I’m telling this story, because I’ve been listening to the debate between Jordan Peterson and atheist Sam Harris, from this past June. Jordan Peterson’s view of religion comes at it from an evolutionary psychologist’s point of view. It’s interesting, but it’s cerebral in its approach to what is transcendent of the intellect and reason. Sam Harris’s view is that religion is actually harmful, and the better approach to finding the best way to live a life would be to use pure reason.

Jordan Peterson and Sam Harris debate, Bret Weinstein moderates
screen shot from here

Peterson is often reticent to give a direct answer to whether he believes in God, because he doesn’t like all the attachments to the answer that other people make. But he does say he lives his life as though there is a God, and that he has evidences that lead him to believe that is the right way. But as a scientist, more so in this discussion than in some others I’ve heard, he talks about religion as the metaphorical stories making up religion that lead us to lead better lives.

What Harris takes from that is that metaphors, or stories, are just fiction, even if sometimes they are useful; you can’t trust a fiction for guidance to truth, because you know it's fiction. Also, he believes the dogma that surround religions are harmful and evil.

Harris’s view negates the religious point of view because of an a priori premise that religion is about belief in something pretend, an invisible being who doesn’t exist.

But he fails utterly to grasp the experiential evidence such as Tim Ballard’s story. Ballard’s story is dramatic, and clearly shows God’s hand. And he has a number of other stories—many involving his wife and her uncanny ability to follow promptings that she knows are from God, and that lead to important good outcomes for the children and the family and others. My personal stories may be less dramatic or convincing for others, but they are no less real for me.

I’m also not satisfied with Peterson’s explanation. It starts with an assumption about evolutionary science that I don’t totally buy into. In fact, I start with my belief in God, which is a truth that I believe I have received enough evidence for. And while I do not know how God went about creating us as the fully formed intelligent, self-aware beings that we are, I use the evolutionary science more as a metaphor to describe that some things, and some creatures, are simple and others complex—rather than as a map of how one thing progressed from another, which we don’t actually know.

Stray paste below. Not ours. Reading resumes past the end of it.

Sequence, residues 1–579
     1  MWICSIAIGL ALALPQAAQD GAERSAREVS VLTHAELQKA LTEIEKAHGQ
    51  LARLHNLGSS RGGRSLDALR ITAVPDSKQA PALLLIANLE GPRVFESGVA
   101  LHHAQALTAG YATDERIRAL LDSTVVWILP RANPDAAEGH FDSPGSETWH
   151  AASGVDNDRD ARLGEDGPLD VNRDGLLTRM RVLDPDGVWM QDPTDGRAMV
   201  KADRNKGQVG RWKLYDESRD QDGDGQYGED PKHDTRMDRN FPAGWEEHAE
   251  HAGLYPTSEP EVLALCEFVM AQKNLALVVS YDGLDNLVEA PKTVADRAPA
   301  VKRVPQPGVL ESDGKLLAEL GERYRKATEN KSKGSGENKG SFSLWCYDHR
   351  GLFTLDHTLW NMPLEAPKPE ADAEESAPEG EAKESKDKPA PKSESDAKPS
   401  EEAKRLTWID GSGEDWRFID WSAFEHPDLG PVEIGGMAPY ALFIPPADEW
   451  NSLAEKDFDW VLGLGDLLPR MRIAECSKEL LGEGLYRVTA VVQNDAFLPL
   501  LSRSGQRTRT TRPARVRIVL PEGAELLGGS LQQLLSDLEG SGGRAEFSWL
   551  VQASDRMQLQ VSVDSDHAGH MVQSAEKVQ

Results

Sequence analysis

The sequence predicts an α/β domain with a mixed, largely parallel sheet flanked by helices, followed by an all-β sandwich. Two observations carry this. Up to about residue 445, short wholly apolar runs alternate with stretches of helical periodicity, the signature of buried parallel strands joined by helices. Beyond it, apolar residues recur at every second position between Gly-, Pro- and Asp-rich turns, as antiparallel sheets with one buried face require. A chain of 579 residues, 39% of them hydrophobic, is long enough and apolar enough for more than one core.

I do think there’s something to the idea that archetypal stories are metaphors we use to understand things that are true. But my religious experience leads me to believe that God often uses metaphor and symbolism in stories that are also factually true. It would have been a stronger response to Harris’s arguments to say that God is not only metaphorically factual, but actually factual, and Harris' personal lack of evidence does not negate the personal evidence of billions of other humans.

Harris uses the most heinous elements of some religions to claim that religions in general are bad: human sacrifice, genocide of infidels, execution of apostates. My hypothesis is that these are corruptions of religion. They do not honor a God who created us and loves and cares for us. Nor do they honor life, family, truth, or property. Such religions lack the necessities of civilization.

So what Harris is referring to isn’t religious truth; it’s a distortion, a corruption—which implies that there was something whole that they are distortions and corruptions from.

Moreover, he looks at reason as the source for truth and goodness. This fails to notice a couple of things. For one thing, reasoning, or logic, only works if you start with the right assumption. One example provided in the PragerU video "Where Do Good and Evil Come From?" (included below) is that criminals plan a heist using reason. Reason helps them carry out a successful theft without it causing them to realize the wrongness of the theft. So, in order for reason to lead to moral truth, it needs to start with a moral assumption.